Lululemon, posting strong quarterly sales gains, says it is continuing to beef up brand efforts for Mirror, the at-home workout company it bought last year.
For the fourth quarter of its fiscal year, revenue advanced 24% to $1.7 billion -- better than forecast -- while comparable sales rose 21%. Internationally, sales jumped 47%, while direct-to-consumer sales soared 94% and now account for 52% of its total. Income from operations improved 10% to $457.9 million. And for the quarter ahead, it predicts sales in the range of $1.1 billion to $1.13 billion -- somewhat higher than observers expected.
But Lulu's onlookers are curious about more than numbers, wondering how -- and how fast -- it can move forward with Mirror. Lululemon bought the connected-fitness company last June for $500 million. And ongoing investments in the brand, including stepped-up marketing and more classes, weighed on overall results.
The company thinks those will pay off in meaningful growth, tapping trends that go beyond COVID-19. "We started the process to purchase Mirror before the global pandemic began," said CEO Calvin McDonald in a conference call for investors, as reported by The Motley Fool.
"I don't expect the pandemic tailwinds to disappear once mass vaccinations have occurred. Guests were seeking more convenient at-home options before COVID-19, and they will continue to seek these options post the pandemic," he said.
There are more than two Mirror users per household on average, accessing more than six types of each workout every month, McDonald reported. Investments include the addition of two more production studios and increasing the number of instructors.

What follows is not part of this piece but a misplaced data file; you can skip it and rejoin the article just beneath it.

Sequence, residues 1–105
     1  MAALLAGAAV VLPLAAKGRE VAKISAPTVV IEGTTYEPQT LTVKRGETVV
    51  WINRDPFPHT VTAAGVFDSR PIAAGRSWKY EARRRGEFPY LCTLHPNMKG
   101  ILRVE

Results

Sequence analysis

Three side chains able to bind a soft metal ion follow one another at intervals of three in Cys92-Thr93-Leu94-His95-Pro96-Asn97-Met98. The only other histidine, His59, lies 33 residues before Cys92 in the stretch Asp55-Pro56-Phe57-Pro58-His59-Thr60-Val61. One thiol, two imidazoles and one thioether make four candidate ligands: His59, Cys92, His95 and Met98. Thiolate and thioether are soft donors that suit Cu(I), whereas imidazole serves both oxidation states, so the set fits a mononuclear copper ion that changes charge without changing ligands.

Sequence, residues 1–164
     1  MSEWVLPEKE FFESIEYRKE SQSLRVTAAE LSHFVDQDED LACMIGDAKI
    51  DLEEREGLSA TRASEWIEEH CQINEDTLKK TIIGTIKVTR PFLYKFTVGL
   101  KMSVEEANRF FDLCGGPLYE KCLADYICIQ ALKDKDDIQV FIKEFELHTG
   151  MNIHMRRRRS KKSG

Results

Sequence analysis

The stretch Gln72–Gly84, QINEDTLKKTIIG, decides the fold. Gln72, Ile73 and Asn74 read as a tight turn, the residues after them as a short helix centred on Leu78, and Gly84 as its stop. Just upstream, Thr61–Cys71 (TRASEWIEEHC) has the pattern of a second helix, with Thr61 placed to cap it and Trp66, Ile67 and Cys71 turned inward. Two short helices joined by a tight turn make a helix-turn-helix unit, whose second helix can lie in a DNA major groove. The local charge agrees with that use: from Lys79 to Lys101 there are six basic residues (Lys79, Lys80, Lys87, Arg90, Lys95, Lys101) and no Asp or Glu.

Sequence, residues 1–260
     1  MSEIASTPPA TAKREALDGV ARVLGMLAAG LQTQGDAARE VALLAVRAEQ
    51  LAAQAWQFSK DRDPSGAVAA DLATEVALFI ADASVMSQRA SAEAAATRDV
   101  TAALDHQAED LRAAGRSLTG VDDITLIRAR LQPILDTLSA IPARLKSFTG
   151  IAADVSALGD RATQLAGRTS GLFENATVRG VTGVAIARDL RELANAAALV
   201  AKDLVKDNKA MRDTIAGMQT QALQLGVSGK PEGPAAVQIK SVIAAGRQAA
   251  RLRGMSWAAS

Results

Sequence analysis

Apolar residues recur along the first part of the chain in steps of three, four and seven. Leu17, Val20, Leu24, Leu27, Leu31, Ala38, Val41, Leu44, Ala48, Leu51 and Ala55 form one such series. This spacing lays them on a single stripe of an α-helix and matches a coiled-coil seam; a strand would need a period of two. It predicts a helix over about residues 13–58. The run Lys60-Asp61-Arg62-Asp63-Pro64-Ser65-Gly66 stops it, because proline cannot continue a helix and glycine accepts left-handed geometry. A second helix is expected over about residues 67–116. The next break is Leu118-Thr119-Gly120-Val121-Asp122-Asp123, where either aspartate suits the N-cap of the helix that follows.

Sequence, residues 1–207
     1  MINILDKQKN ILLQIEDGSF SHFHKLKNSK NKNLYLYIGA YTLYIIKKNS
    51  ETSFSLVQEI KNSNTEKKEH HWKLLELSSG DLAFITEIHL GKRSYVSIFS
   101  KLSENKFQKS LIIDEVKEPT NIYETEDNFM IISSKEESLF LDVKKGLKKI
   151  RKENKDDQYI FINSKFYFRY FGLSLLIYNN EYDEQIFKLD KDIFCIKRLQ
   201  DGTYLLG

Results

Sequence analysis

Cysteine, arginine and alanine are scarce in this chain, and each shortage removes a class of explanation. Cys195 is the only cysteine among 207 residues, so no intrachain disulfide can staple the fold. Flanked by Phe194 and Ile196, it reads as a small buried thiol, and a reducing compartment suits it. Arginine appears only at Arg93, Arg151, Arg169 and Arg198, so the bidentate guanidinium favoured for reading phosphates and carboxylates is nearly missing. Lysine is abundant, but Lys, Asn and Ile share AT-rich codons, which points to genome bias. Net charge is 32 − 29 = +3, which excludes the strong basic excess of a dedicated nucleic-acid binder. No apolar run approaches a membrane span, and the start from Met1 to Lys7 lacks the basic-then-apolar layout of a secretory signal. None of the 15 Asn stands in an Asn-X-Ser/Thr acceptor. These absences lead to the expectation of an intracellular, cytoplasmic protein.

"Mirror accounts for less than 5% of Lululemon's sales, but the firm anticipates revenue growth of 50% to 65% in 2021 on top of the product's $170 million in sales last year," writes David Swartz, who follows the company for Morningstar.
Lululemon is also emerging as one of the most solid bets as the world economy gets closer and closer to normal. "We believe the firm benefits from the athleisure fashion trend and will continue to achieve premium pricing due to the brand’s popularity and the styling and quality of its products," writes Swartz.
Brian Nagel, who follows the stock for Oppenheimer, thinks that among large consumer companies, Lululemon is "one of the most compelling growth stories and an attractive re-opening play," he writes in his report on its earnings. "In our view, a still small global footprint, superior product innovation and an overall shift to athleisure should support continued outsized top-and bottom-line expansion for the foreseeable future."
But Lululemon did toss out an important caveat. Most of its stores are now open. But it said "further resurgences in COVID-19, including from variants, could cause additional restrictions, including temporarily closing all or some of our retail locations again, result[ing] in lower consumer demand, and cause disruption in our supply chain."